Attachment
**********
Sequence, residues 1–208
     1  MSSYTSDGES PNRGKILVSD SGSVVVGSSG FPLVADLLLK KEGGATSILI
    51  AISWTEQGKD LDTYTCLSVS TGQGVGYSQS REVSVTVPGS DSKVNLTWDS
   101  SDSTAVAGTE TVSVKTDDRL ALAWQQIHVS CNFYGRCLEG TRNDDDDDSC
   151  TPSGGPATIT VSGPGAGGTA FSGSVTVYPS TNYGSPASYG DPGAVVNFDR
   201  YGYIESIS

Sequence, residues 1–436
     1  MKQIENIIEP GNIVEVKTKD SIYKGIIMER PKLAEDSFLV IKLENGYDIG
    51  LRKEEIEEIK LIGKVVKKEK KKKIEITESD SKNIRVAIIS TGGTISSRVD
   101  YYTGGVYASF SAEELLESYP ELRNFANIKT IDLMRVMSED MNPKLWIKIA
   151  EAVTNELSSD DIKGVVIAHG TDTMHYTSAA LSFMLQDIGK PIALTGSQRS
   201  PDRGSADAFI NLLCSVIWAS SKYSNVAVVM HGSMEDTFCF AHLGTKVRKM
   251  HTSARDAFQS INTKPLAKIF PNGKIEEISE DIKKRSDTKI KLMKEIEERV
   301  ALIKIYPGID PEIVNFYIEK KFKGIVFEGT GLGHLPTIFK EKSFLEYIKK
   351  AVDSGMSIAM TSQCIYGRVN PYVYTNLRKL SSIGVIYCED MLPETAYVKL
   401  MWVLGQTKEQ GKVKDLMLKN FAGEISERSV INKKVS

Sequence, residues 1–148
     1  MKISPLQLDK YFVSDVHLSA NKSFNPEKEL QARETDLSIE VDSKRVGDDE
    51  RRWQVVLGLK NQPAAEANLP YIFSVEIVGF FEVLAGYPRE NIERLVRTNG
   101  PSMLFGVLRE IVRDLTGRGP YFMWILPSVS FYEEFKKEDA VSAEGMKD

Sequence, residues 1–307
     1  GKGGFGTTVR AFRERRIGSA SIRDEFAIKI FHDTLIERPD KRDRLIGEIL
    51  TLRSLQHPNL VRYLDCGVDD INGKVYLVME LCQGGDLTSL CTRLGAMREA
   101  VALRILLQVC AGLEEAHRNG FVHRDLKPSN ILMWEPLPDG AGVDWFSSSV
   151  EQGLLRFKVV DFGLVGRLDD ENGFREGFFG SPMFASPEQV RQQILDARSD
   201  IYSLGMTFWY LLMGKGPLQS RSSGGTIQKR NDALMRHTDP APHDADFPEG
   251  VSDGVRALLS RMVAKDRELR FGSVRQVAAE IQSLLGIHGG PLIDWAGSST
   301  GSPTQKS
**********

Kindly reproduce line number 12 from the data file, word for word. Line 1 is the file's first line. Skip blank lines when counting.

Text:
   201  PDRGSADAFI NLLCSVIWAS SKYSNVAVVM HGSMEDTFCF AHLGTKVRKM